In Colorado, a Mama Grizzly Fights the Tea Party


>The Republican primary for the Colorado's U.S. Senate seat currently held by Michael Bennet is a bellwether for several key trends within the Republican Party this season, most notably gender politics and Tea Party activism. Former Lt. Gov. Jane Norton, the only woman in the race, is facing off against top contender Ken Buck, a county district attorney with a large Tea Party following. Buck has gained steadily in the polls, and a Denver Post/9News survey from June showed him leading Norton 53 to 37 percent.

But a recent offhand comment has the potential to shake up the race. Buck was caught on tape telling voters that they should choose him because "I do not wear high heels ... I have cowboy boots. They have real bullshit on them." Norton's campaign has already released a TV ad replaying this comment, clearly targeting the female majority of Colorado's Republican primary voters.  

This ad taps into gender tensions that have been popping up in other Republican primaries. In Georgia, Karen Handel heads into a gubernatorial runoff with an advantage over Nathan Deal, whom she accused of sexism when he asserted that "real women" supported his candidacy. Nikki Haley triumphed over Gresham Barrett in the South Carolina gubernatorial primary despite allegations of affairs. In fact, Jonathan Martin speculates that the rumors may even have "intensified her you-go-girl following among women while increasing support among men who thought such accusations were bad form."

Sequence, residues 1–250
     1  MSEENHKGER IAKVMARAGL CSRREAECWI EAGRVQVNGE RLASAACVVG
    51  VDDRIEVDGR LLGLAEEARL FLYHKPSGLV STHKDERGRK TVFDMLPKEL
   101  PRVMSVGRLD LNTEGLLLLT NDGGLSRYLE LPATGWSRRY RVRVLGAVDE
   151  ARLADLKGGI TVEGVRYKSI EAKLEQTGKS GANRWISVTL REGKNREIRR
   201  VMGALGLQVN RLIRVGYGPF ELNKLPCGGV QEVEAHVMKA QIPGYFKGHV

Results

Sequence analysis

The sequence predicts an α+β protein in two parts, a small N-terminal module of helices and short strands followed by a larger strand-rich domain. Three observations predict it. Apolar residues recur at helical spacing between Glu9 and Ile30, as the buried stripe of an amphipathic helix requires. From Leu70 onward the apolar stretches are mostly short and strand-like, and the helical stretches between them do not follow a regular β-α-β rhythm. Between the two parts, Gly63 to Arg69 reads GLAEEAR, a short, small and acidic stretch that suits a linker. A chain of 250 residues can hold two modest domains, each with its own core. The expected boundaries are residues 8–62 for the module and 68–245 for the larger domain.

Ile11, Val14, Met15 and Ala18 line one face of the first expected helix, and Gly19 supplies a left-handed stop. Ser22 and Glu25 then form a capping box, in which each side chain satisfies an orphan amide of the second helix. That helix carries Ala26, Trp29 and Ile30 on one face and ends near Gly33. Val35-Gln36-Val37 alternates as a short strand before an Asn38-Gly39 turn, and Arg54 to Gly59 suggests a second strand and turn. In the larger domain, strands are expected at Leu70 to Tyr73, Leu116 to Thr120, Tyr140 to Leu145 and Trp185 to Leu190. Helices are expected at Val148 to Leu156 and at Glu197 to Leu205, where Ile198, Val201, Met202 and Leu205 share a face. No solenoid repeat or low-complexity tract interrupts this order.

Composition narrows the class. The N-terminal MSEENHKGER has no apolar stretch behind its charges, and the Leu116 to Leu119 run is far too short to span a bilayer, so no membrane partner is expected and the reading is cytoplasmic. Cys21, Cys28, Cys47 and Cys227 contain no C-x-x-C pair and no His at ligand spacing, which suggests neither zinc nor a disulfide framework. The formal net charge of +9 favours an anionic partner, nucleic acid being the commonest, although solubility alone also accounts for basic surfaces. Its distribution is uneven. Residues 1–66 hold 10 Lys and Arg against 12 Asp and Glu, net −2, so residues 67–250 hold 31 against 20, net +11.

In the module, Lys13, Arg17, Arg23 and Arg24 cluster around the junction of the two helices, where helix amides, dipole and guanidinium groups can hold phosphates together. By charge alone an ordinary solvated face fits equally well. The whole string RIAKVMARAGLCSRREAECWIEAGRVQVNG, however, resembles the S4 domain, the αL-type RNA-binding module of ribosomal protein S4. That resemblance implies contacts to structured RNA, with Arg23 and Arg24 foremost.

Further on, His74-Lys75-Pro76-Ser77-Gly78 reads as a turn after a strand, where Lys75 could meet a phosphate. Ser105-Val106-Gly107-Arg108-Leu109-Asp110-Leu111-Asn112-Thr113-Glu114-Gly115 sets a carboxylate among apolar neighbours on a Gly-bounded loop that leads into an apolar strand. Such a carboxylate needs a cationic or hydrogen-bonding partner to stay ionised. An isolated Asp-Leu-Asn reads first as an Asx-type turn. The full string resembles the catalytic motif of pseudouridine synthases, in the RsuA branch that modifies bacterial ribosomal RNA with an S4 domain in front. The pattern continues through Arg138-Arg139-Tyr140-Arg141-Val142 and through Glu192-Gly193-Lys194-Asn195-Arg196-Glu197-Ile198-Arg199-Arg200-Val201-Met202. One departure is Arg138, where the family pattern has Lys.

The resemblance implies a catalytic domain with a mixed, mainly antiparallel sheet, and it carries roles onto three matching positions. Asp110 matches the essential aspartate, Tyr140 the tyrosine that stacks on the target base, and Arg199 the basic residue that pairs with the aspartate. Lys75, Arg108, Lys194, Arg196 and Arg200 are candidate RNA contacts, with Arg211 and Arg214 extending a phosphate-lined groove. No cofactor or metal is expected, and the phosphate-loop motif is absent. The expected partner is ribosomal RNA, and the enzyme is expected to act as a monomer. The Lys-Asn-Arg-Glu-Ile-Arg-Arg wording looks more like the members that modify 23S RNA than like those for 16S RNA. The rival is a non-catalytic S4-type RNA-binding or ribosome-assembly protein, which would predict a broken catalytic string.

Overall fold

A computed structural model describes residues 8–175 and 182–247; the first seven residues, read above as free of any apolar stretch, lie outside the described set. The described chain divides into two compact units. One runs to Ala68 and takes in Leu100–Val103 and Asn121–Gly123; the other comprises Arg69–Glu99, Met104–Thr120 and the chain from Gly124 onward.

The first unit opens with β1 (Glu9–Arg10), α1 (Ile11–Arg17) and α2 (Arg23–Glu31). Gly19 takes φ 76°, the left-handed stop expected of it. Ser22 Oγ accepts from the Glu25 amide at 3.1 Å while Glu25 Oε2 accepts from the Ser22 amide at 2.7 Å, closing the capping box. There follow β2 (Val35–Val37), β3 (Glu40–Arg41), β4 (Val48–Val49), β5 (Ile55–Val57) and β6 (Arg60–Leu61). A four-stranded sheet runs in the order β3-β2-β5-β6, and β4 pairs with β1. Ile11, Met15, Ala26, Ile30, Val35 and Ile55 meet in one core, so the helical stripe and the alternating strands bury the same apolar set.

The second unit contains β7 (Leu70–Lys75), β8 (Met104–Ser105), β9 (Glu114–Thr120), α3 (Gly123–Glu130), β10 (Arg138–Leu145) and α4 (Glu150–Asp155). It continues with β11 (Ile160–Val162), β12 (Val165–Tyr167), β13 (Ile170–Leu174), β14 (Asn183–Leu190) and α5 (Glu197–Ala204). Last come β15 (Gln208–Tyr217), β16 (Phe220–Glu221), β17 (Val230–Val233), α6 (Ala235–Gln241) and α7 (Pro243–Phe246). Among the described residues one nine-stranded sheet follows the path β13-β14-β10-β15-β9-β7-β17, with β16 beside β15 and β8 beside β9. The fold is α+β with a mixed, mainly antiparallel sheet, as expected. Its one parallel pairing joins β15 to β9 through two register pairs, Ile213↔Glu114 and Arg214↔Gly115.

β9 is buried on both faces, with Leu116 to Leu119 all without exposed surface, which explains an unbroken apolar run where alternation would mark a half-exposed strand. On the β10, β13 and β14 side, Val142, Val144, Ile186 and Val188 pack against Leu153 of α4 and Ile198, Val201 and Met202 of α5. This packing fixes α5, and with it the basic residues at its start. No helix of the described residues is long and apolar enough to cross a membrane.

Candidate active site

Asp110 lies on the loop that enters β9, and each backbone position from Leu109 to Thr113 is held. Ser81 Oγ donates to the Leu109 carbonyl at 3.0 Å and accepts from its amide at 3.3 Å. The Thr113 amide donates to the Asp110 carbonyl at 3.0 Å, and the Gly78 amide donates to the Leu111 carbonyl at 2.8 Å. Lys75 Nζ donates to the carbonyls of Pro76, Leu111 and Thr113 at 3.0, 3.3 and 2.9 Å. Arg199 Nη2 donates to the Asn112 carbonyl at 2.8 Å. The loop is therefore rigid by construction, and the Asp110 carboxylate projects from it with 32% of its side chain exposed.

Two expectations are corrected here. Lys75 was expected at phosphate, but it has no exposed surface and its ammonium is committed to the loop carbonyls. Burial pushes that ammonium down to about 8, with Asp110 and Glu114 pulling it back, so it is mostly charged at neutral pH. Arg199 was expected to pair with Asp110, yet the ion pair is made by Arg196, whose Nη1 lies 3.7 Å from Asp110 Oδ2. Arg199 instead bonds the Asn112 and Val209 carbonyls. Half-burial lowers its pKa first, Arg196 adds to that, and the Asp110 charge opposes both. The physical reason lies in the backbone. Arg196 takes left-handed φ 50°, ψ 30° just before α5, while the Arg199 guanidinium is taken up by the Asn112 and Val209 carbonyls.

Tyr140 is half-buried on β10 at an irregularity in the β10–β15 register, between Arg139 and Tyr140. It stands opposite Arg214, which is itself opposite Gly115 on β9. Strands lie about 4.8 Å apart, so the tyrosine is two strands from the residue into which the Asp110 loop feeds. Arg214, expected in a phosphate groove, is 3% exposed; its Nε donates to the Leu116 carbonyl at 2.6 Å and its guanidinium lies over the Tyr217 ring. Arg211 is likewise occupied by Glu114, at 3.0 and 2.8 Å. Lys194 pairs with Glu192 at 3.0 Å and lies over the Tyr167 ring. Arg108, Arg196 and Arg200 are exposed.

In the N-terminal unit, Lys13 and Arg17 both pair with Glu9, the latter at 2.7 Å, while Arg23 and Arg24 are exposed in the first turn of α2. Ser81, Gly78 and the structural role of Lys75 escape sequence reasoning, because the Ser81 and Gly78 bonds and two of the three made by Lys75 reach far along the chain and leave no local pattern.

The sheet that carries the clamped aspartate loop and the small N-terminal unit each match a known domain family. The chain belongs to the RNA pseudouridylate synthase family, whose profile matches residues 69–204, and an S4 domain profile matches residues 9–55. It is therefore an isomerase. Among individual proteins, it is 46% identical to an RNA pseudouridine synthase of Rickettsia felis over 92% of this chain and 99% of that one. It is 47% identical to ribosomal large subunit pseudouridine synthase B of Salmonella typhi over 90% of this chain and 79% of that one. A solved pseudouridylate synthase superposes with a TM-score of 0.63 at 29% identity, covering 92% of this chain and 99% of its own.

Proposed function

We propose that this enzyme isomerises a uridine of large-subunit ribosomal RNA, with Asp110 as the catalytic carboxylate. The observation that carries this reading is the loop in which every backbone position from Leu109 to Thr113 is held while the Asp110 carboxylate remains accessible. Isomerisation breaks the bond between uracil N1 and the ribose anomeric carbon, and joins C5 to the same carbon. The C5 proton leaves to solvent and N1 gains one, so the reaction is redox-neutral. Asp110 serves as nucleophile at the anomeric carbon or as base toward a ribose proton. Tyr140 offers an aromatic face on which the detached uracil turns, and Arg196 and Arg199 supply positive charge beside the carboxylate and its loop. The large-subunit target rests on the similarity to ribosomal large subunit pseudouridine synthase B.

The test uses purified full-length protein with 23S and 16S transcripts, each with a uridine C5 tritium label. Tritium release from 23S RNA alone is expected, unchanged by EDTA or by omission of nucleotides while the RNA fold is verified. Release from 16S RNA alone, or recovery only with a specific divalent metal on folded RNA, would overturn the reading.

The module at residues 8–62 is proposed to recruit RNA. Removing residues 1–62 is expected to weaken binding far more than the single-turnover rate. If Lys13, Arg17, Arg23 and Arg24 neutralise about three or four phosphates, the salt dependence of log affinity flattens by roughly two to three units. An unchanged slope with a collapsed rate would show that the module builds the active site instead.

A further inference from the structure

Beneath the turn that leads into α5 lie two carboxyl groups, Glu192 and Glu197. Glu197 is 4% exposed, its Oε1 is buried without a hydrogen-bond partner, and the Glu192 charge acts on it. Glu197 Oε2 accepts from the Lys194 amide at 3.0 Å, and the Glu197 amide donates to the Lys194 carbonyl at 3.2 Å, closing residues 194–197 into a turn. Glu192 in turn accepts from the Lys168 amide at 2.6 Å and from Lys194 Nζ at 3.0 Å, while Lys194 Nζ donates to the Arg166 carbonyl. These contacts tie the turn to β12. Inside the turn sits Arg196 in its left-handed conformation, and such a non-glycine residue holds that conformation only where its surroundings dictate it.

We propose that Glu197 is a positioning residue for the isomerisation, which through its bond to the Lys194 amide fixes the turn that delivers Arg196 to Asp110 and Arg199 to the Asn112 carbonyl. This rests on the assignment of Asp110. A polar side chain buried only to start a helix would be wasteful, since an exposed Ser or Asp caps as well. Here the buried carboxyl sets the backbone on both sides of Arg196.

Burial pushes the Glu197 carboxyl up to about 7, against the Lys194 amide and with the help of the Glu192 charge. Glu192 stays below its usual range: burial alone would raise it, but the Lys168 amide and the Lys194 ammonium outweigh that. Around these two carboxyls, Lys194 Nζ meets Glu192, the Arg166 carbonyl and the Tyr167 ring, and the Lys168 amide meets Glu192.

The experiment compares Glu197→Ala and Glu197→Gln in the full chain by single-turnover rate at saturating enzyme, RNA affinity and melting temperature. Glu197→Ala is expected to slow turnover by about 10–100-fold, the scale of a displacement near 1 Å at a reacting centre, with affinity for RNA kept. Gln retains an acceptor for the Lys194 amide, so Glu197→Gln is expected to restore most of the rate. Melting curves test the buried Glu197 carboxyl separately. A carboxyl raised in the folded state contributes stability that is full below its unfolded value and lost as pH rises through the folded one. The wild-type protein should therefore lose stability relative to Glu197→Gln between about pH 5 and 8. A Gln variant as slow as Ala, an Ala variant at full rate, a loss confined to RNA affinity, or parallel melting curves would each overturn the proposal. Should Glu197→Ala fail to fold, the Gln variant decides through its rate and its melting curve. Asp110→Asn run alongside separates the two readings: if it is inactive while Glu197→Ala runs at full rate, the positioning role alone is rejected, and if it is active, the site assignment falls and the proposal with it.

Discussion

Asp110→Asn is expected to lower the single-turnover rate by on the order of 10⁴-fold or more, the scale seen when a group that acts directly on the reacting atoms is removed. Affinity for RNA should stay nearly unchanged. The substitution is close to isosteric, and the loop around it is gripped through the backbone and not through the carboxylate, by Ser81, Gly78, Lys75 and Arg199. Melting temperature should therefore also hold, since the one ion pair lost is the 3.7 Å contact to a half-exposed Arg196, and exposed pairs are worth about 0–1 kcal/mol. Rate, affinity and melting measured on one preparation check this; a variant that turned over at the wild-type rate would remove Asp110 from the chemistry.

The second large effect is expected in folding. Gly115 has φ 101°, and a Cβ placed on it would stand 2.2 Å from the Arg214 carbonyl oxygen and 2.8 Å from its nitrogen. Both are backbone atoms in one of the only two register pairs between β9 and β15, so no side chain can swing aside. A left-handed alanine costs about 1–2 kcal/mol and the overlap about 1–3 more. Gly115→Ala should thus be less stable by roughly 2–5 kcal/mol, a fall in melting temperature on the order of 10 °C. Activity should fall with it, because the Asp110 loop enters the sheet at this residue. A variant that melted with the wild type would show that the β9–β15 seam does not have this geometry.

A Republican operative told Mike Allen that Norton's ad "will go up statewide with a significant buy for the foreseeable future." Norton, who is backed by the national Republican establishment, raised more than twice what Buck did during the second quarter. Buck's campaign had a slight advantage in terms of cash on hand, but he's benefited from ads paid for by outside conservative groups.

Things began to shift in Buck's favor in May, when Sarah Palin spoke in Colorado and conspicuously did not endorse Norton. Palin had mentioned Norton just a week earlier in her speech praising the rise of conservative "Mama Grizzlies" and was expected to endorse her in Colorado. As Norton dealt with the embarrassment of Palin's slight, Buck was riding on his endorsement from key Tea Party figure Sen. Jim DeMint.

The grassroots support for Buck, a relative newcomer to politics, has fueled comparisons to Sharron Angle and Rand Paul. If momentum from the Tea Party wins in Nevada and Kentucky can overcome Buck's fundraising disadvantage and footwear gaffe, he will have a very good shot at landing in the Senate. A recent Rasmussen poll saw both Buck and Norton sitting solidly above Democratic contenders Michael Bennet and Andrew Romanoff.

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Nicole Allan is a former senior editor at The Atlantic.

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